Comment - This is 'old politics' covered by language of a fresh start
When is a professional not a professional? When they don't have a professional organisation.
We have heard a great deal from the Coalition about "professionals" in the education field and how they should be "left alone" by the politicians.
Funny, really! I think abolishing a body that was established because the teaching profession wanted a self-regulating organisation of its own is somewhat at odds with the current rhetoric.
Mind you, the contradictions abound - with the new administration saying on the one hand that we should "free everyone" from central diktat, while on the other it will determine the exact form of phonics to be taught in primary schools and the shape and delivery of history throughout the system.
The medical profession has the General Medical Council and the legal profession has the Law Society. If the health or justice secretaries suggested otherwise, there would be an enormous outcry.
Preaching that teachers should be treated as professionals and given greater freedom comes ill from a coalition Government that is prepared to abolish an organisation which, with all its faults, was designed to provide that professional independence and oversight.
The GTC was also intended to give teachers a voice outside the legitimate role of trade unions so that they could defend their broader collective interests. This should not be cast aside lightly.
The other thing that the Conservatives preach is that they are constantly cutting "waste" and public expenditure. As with some other high-profile initiatives to "cut" public spending, we find once again that the spending being targeted isn't actually from the taxpayer at all, but from individuals - in this case, teachers' subscriptions.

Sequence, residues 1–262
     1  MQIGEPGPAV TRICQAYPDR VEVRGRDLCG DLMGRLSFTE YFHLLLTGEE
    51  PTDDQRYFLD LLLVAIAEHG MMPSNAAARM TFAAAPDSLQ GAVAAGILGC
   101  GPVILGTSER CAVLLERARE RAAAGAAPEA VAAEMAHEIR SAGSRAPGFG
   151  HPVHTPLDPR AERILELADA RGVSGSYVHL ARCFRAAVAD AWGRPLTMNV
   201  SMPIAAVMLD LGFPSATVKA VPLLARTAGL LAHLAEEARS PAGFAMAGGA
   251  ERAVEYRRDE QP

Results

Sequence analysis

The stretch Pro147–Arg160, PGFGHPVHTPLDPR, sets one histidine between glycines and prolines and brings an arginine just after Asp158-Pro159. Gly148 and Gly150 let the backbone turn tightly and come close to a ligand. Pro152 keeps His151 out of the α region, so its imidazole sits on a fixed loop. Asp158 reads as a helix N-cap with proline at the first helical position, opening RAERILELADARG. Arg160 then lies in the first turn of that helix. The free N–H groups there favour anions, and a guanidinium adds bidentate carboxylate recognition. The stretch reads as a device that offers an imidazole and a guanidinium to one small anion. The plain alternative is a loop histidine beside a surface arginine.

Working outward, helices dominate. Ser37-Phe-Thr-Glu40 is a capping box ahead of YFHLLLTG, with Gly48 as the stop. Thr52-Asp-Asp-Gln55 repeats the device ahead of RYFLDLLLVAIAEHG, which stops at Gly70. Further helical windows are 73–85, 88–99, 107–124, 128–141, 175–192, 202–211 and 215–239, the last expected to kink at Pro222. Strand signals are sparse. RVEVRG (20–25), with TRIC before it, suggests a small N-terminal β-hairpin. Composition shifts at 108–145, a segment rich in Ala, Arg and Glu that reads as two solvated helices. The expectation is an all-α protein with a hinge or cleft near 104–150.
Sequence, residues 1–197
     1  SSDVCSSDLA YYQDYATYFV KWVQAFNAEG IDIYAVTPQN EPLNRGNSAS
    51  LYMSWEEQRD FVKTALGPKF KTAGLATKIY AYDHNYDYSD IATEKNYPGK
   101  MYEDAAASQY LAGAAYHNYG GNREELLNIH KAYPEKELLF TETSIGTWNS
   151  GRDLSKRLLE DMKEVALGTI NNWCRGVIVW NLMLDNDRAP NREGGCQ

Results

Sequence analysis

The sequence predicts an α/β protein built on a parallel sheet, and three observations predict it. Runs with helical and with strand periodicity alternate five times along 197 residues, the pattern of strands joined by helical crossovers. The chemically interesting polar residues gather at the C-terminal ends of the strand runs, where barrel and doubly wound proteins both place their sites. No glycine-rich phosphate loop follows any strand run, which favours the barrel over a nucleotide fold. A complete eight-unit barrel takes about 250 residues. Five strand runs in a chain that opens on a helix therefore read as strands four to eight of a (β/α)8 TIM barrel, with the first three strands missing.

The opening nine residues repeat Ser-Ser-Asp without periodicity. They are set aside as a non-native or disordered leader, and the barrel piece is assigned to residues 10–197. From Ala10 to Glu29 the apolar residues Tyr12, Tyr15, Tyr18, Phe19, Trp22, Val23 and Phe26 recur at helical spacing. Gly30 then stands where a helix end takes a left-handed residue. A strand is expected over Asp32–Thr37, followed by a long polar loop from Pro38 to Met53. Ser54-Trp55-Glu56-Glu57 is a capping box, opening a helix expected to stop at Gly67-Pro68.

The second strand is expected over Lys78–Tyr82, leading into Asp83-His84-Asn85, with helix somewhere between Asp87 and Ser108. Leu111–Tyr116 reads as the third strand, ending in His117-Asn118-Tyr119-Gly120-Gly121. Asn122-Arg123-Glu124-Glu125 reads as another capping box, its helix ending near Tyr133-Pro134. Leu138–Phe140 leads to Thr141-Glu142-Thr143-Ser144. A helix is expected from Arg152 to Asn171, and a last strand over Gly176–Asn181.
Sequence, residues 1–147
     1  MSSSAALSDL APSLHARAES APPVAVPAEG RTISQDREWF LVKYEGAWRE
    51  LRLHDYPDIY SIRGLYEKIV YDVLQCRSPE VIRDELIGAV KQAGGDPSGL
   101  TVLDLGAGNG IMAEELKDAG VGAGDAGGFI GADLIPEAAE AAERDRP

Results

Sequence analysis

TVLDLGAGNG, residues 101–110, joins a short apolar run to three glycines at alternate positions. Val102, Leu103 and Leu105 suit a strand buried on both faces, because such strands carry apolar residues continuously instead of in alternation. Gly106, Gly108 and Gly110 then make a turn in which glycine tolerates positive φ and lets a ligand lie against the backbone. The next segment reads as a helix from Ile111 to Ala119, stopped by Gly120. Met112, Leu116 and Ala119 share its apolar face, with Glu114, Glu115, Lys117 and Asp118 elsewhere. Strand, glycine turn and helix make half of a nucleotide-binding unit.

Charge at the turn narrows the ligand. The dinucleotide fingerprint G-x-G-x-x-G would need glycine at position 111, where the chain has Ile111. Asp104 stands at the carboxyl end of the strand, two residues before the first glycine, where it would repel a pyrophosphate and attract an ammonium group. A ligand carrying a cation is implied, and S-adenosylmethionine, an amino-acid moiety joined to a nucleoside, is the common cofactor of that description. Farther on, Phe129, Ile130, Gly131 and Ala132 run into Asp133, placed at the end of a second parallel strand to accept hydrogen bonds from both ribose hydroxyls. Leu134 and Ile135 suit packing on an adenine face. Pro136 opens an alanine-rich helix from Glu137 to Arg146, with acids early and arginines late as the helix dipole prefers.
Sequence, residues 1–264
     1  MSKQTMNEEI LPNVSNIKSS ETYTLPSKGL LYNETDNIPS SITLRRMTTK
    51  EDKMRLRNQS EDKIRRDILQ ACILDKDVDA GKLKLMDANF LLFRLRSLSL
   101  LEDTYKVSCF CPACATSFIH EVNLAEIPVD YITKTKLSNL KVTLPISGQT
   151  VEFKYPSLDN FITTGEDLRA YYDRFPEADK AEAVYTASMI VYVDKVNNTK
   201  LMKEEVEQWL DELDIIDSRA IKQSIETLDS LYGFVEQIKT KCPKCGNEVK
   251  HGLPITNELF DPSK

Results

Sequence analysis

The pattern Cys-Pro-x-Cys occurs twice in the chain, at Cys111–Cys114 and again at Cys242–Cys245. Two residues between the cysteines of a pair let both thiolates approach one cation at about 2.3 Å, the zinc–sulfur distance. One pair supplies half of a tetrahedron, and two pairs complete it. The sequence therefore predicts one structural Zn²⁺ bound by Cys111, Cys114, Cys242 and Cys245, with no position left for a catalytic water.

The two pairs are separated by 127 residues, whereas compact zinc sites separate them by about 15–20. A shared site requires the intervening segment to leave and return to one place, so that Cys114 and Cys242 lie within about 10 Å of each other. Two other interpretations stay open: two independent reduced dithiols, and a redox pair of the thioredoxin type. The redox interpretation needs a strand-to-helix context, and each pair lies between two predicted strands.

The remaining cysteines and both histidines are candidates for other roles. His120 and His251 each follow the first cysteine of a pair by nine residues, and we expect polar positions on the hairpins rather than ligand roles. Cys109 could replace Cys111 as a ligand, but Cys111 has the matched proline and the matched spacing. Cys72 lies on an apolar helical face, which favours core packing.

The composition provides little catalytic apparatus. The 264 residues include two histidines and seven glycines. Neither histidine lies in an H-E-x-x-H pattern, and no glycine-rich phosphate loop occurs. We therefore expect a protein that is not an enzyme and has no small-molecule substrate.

There are many lessons in this controversy which apply broadly to the world of politics; namely, that whatever the good intentions, an organisation will run into difficulty in defending itself if it has not listened to and provided genuine support to those whose interests it promotes.
In the haste to rid itself of quangos, the Coalition is flailing about looking for anything that can have the tag of "abolition" attached to it. So Becta, the Qualifications and Curriculum Development Agency and, now, the GTC are to go.
It might be instructive for the Coalition to reflect that its rhetoric about avoiding the setting aside of everything that Tony Blair achieved might also apply to institutions which may require improvement, but do not deserve abolition.
We seem to be having a rather bad dose of "old politics", covered only by the language of a new beginning.
- David Blunkett Labour MP for Sheffield Brightside and Hillsborough; as Education Secretary, he oversaw the creation of the GTC for England.